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should own, not rent, those houses. When the regional economy revives, local people should be prepared for the jobs being created.” Bush later proposed the creation of a “Gulf Opportunity Zone” that would provide immediate incentives for job-creating investment, tax relief for small businesses, incentives to companies that create jobs, and loans and loan guarantees for small businesses, including minority-owned enterprises. “It is entrepreneurship that creates jobs and opportunity; it is entrepreneurship that helps break the cycle of poverty; and we will take the side of entrepreneurs as they lead the economic revival of the Gulf region,” Bush said in his speech.
Margaret Simms, vice president of governance and economic analysis with The Joint Center for Political and Economic Studies in Washington, D.C., and member of the BE Board of Economists, says the president’s speech was a marked departure from his usual approach of creating the right environment and letting businesses take care of themselves. The $200 billion question: Where will the money come from? “The speech that he gave certainly included a lot of components of what would be needed in a comprehensive rebuilding for the city of New Orleans and something that might be considered surprising, considering his past record, and difficult to achieve given the current budget situation.”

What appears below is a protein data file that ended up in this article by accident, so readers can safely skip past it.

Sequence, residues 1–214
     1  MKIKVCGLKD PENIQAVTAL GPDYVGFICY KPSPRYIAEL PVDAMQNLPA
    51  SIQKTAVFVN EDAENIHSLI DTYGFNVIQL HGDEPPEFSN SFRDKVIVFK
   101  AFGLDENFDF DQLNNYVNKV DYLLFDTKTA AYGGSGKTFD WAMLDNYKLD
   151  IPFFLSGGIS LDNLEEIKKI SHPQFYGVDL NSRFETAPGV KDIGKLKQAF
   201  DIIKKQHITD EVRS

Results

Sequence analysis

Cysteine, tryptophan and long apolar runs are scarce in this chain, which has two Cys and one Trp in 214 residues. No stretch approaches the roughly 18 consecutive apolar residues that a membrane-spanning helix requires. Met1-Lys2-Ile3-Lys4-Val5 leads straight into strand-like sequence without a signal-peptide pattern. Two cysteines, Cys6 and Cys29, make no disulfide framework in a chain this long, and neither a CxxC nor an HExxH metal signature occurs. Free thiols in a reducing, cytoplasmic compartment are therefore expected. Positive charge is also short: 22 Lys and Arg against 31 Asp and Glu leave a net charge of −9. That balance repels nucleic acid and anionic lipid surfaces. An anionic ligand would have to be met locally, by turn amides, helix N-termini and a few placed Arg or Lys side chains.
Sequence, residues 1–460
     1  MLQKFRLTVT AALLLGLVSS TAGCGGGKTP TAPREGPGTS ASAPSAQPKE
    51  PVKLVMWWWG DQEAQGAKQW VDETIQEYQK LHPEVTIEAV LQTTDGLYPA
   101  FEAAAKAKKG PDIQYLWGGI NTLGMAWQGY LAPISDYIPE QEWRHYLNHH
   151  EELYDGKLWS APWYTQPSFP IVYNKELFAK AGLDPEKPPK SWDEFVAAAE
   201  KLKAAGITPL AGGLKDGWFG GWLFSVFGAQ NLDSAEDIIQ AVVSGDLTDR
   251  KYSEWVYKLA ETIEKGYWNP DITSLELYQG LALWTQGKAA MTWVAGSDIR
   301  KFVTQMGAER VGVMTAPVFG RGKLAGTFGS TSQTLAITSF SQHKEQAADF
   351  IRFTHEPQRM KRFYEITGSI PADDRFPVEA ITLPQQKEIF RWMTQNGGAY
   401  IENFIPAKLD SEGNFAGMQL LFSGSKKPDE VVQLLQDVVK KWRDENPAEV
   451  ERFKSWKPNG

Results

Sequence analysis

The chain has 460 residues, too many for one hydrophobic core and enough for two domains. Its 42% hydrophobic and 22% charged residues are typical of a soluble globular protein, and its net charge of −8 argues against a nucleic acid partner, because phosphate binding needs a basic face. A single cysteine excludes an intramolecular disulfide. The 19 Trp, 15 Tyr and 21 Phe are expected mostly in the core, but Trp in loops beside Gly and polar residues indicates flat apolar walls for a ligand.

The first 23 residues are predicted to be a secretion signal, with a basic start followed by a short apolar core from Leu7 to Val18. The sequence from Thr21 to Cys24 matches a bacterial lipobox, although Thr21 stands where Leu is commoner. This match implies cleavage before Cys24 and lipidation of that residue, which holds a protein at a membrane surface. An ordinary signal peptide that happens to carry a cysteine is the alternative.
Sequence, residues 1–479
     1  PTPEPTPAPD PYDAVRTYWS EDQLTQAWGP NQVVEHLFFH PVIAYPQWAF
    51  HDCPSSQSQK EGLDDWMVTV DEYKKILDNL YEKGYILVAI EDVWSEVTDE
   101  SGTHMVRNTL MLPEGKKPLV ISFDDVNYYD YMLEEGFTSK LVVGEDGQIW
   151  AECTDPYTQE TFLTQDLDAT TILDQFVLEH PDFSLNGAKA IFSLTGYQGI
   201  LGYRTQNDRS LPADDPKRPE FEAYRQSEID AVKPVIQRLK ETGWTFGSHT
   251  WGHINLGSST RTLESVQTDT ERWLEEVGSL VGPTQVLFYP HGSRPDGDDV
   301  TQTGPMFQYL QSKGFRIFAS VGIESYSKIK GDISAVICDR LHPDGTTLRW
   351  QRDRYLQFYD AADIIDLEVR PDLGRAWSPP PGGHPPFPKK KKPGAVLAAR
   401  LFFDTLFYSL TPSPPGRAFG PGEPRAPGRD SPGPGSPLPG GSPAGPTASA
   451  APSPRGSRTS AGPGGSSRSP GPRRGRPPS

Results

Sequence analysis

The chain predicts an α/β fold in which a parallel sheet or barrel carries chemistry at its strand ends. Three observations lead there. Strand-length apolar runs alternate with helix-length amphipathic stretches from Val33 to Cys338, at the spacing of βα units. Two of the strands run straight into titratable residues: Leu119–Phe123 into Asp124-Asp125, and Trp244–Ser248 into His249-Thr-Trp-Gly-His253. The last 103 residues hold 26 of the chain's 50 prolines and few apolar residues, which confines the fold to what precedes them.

Contracting opportunities would grow black businesses and, in turn, increase the number of black employees and generate higher average incomes in a city that’s long been plagued by poverty and crime. It would also bring back some of the displaced black business community and possibly lead to more black construction companies. According to Spriggs, about 2% of the construction sales in Louisiana and Mississippi come from black-owned companies. Only one, HJ Russell & Sons, ranks on the BE 100S. “At least $2 billion should go to these black firms,” says Spriggs.
EMBATTLED B.E. 100s
America’s largest black businesses are by no means immune to Katrina’s ravages. And with experts expecting many of the displaced African Americans to permanently relocate in other areas (such as Texas and Georgia), this creates another business issue: black businesses — particularly smaller ones — are predominantly patronized by black people. Fewer blacks in a newly built New Orleans brings into question the future of black business there. Some experts are indicating that the city will undergo massive gentrification, pricing out the African American population that was the city’s backbone.
Sidney King, president and CEO of Mobile, Alabama-based Commonwealth National Bank (No. 25 on the BE BANKS list with $53.6 million in assets), says the bank could only open one of its three branches — the location with a generator purchased after 2004’s Hurricane Ivan. “The biggest concern, the biggest negative impact, was that our cash comes out of New Orleans through the Federal Reserve,” King says. “So our cash shipment was canceled and it was canceled at a critical time, being that it was right after a storm. It was before a holiday and it affected the third of the month, which is the busiest day at the bank, when the